Over the past three months; planning a wedding and doing my student teaching, I have been very present to the fact that I am going in a distinct direction.  In fact, I have been going in this direction for a long time now.  The difference between now and two years ago is that I have a partner in crime.  In thirty-one short days my NAME will change.  I have always had one name and now I’m getting a new one.  My name will literally correspond with a Dr. Seuss book.  Worth it.





Underemployment: Reflection of a College Graduate in Small Town America



Location: Small town Vermont

Time:  5:00am

What is fair?

These words came to mind, possibly naturally, when my alarm went off at 3:30am.  My question remains the same—who deserves to wake up at 3:30am to work a 10 hour shift making $8.75 an hour?  Now hopefully this next sentence will not offend, its not meant to.

Why do I feel above this work?

My talents are being wasted?

My identity:  a facilitator of groups, a speaker of multiple languages, a graduate of university.

Are gas station attendants without talent?  One of my co-workers has two jobs and goes to community college in attempts to someday own his own business.  Each of my co-workers have something in common; the majority of their family are in the service industry; housekeepers, waitresses, work in retail.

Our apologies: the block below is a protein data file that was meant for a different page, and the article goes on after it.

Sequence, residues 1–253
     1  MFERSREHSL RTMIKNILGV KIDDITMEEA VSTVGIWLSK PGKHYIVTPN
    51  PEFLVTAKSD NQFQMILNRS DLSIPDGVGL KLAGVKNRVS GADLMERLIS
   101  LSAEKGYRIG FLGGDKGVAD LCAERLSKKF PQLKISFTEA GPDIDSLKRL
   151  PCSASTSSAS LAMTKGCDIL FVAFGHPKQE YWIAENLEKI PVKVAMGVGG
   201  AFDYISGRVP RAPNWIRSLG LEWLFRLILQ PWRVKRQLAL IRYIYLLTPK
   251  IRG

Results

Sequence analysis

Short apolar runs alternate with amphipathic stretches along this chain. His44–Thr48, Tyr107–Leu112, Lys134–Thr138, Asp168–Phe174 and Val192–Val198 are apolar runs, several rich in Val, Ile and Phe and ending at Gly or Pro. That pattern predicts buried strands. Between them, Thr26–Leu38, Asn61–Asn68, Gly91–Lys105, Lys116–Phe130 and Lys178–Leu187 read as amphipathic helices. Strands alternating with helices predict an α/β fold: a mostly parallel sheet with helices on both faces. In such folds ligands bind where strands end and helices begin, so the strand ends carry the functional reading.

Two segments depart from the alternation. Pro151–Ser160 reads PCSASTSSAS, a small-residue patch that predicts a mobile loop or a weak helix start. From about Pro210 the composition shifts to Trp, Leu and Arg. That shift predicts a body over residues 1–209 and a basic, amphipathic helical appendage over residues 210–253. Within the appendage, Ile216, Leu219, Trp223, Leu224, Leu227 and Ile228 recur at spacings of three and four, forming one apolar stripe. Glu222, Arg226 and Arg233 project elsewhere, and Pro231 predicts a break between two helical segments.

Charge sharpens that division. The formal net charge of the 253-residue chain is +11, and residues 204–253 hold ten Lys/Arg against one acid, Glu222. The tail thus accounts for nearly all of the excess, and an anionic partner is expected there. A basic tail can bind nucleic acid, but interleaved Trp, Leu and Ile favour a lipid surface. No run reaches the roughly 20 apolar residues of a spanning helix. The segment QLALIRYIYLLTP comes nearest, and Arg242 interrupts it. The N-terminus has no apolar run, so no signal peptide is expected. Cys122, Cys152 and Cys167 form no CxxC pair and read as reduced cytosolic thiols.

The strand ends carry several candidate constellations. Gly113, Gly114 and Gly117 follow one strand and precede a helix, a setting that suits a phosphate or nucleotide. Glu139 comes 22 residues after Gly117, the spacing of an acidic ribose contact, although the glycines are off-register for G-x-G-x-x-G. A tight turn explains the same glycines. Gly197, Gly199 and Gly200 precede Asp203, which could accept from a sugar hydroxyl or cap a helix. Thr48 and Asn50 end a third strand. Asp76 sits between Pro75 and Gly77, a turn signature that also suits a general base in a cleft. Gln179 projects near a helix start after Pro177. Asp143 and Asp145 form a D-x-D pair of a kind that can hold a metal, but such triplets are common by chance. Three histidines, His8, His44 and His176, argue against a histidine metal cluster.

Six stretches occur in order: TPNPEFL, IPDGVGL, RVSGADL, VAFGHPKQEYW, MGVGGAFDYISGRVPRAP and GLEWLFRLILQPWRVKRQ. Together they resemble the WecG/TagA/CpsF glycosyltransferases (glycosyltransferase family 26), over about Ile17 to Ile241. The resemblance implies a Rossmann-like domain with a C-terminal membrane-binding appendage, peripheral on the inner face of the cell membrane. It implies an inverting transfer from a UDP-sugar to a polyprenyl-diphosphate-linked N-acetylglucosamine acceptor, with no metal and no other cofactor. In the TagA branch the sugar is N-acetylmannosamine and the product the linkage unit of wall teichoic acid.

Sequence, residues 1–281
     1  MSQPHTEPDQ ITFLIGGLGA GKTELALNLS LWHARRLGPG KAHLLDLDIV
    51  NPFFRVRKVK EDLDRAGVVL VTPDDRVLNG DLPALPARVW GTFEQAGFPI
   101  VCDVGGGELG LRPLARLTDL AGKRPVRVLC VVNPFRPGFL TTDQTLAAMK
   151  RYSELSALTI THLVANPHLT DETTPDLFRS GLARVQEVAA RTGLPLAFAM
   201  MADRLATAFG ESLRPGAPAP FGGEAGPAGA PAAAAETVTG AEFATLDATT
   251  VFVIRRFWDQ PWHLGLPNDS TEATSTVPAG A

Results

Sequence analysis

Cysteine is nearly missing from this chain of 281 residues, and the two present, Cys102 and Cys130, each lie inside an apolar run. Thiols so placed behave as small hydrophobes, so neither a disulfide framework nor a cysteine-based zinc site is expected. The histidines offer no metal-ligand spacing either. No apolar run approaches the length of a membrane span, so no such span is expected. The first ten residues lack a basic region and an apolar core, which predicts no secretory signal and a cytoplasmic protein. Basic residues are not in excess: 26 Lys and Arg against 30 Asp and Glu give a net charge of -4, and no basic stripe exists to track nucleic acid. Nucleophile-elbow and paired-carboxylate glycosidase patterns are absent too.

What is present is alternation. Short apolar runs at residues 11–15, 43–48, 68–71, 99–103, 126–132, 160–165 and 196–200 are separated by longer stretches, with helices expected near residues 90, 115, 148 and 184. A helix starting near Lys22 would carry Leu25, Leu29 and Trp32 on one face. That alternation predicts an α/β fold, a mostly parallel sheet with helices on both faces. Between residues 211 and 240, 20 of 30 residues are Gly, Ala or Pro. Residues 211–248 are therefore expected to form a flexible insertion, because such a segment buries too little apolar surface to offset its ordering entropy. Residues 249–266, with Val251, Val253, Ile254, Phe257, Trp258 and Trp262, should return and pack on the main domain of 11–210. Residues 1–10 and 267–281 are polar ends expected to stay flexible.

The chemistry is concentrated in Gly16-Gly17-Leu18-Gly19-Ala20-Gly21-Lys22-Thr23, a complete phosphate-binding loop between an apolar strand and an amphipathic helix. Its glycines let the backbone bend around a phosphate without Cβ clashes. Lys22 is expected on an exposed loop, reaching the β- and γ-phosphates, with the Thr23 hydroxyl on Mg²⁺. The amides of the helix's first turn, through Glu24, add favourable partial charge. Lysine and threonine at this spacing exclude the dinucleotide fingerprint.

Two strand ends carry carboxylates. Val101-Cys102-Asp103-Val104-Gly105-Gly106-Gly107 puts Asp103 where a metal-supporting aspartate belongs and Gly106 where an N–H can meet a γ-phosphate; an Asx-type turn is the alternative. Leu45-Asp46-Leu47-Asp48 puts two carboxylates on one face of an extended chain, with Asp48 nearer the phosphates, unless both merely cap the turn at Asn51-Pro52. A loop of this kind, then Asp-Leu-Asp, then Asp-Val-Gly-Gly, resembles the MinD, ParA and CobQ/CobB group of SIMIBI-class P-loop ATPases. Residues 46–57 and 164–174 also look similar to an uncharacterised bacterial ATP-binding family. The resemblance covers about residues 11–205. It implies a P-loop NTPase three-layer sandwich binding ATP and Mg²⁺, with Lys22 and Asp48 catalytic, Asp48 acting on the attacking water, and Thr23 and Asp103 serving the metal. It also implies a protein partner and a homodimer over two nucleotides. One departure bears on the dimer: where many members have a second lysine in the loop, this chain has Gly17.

So, I feel above this work because I went to college.  I went to college because it was expected of me.  Looking at a $38,000 bill, per year, of college didn’t scare me because of my upbringing and because of the assumption that I would make more than that sum each year after I graduated.

Total income for two years of work post-college:  $37,000

Living in a small town, away from my support network has given me a distinct view of a dichotomy that I had only read about previously.  Undergraduate degrees are not worth as much as they were before and minimum wage is barely a liveable wage.  After four months of what I consider un and underemployment, I have made the choice to move to an urban area where I have the support of family and an increased amount of employment that requires a undergraduate degree.